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Nokia Siemens is looking to gain back some of its lost market share now that it has built a more secure financial footing
November 30, 2009
Nokia Networks is to focus on retrieving lost market share as part of its upcoming revamp, a move that will include more aggressive pricing, the company revealed Monday.
NSN spent its first 18 months (having been formed in April 2007) focusing on cash conservation and profitability, exiting various markets in which it thought it couldn't be a market leader or turn a profit. (See NSN Backs Away From WiMax, Nokia Siemens CEO Slams 'Silly Pricing', and Nokia Siemens Gets Ruthless on R&D Focus.)
But that strategy, along with the economic downturn and reduction in operator capex, lead to a string of disappointing quarterly results, and market share loss in key areas such as mobile infrastructure and optical (especially to its Chinese rivals). (See Huawei Ousts NSN in Belgium, Huawei, ZTE Buck Optical Trend, No Sign of Recovery for Nokia Siemens, and Slump Slams Nokia Siemens .)
Now, though, the company is looking for a turnaround in its fortunes under new CEO Rajeev Suri, who has instigated a corporate program involving a new company structure based around three, instead of five, business units, and a renewed focus on reviving its growth prospects. (See Nokia Siemens Replaces Its CEO and Nokia Siemens Revamps, Cuts Jobs.)
Suri had been hoping for some growth through acquisitions in North America, where NSN bid unsuccessfully for some Nortel optical and wireless assets. (See Nortel's MEN: Winners & Losers, Ciena Beats NSN to Buy Nortel's MEN, and Ericsson Delivers Knockout Blow to NSN.)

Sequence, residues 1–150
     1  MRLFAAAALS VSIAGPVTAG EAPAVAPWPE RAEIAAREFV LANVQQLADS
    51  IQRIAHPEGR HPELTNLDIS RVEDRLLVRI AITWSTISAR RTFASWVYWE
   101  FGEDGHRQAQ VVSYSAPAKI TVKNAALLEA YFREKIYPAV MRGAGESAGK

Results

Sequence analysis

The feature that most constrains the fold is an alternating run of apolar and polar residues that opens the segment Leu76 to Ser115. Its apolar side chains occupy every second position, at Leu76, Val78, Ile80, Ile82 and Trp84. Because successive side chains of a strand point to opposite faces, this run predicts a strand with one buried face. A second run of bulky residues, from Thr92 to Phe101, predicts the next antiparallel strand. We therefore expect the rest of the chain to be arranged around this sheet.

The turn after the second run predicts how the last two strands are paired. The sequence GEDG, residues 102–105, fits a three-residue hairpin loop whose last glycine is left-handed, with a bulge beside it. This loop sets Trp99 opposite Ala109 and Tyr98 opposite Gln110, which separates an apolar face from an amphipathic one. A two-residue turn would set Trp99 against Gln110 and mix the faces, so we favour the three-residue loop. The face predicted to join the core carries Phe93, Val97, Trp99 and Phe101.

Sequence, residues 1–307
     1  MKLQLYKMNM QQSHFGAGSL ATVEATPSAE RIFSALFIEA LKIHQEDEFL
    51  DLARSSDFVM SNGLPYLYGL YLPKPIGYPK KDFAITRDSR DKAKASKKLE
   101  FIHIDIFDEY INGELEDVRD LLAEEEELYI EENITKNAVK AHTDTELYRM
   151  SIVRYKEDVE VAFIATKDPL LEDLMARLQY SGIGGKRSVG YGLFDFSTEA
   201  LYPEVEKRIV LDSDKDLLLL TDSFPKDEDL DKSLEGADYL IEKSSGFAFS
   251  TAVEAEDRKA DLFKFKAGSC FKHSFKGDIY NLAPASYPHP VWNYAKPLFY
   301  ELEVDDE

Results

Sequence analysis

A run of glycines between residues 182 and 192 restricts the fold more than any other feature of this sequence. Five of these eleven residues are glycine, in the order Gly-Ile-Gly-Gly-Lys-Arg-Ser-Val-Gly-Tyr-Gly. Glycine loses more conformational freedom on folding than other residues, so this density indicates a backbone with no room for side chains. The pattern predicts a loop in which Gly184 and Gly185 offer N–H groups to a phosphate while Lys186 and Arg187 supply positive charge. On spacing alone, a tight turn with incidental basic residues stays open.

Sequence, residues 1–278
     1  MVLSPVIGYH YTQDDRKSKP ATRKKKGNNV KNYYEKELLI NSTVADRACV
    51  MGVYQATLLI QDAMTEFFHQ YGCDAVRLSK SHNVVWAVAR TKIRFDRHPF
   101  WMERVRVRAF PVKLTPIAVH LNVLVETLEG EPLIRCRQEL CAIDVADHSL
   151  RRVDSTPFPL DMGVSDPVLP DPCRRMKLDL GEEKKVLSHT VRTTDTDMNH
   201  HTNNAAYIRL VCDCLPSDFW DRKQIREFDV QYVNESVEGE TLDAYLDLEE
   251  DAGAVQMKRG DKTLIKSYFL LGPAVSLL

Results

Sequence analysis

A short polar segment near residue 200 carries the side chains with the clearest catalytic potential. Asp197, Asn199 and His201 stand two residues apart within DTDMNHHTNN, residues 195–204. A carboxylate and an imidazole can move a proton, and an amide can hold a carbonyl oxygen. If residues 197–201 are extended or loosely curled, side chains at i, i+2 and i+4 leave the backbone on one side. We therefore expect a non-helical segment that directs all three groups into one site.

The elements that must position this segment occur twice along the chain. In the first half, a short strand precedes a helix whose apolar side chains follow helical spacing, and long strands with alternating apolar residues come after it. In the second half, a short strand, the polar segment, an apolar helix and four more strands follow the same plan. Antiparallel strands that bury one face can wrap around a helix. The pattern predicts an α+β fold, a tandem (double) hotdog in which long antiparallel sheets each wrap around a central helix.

But while NSN is now very focused on growth, that drive is not the company's only concern, as some reports have suggested.
Reuters reported Sunday that Finnish newspaper Helsingin Sanomat had published an interview with Suri, during which he stated that the vendor plans to focus "solely" on "market share."
NSN says that's a mistranslation, and that the company will not be focused on gaining market share at the expense of everything else.
The company, though, says Suri did tell Helsingin Sanomat that "it is time to move on from that strategy [the previous focus on profitability and cash] and really to drive for growth. Not growth for growth's sake, but to drive for market share. And that drive comes from deal momentum."
NSN says the company, under the new strategy, will be focused on being more customer-centric, building its market share, and positioning itself as a "cost leader."
The drive to gain market share means NSN will prioritize growth over profitability, a strategy that will result in NSN being more aggressive with its pricing strategies and marketing, a spokesman confirms.
NSN has walked away from potential opportunities in the past where rivals, particularly (but not exclusively) Huawei Technologies Co. Ltd. , have driven prices so low that profits seem unattainable. Now the vendor might be prepared to tough out some of the less favorable market conditions to win key accounts, especially in the increasingly important emerging market for LTE infrastructure. NSN is already lagging behind Ericsson AB (Nasdaq: ERIC) and Huawei in this market, although it has been named alongside its rivals in key trials and pilots. (See APAC Operators Commit to LTE, NSN, LG Test LTE,Telefónica Kicks Off LTE Trials, and Huawei Bags Another Euro LTE Gig.)
The spokesman adds that NSN's plan includes a concerted effort to highlight NSN's strong position in professional services (which now generates about half the vendor's revenues), and its developments in mobile broadband. (See Services Now 45% of NSN Revenues.)
Suri is expected to hammer home these points, and perhaps elaborate further, during this week's Nokia Corp. (NYSE: NOK) Capital Markets Day, when he will address investors and analysts on Wednesday at 3 p.m. Central European Time (2 p.m. London, 9 a.m. Eastern).
— Ray Le Maistre, International News Editor, Light Reading
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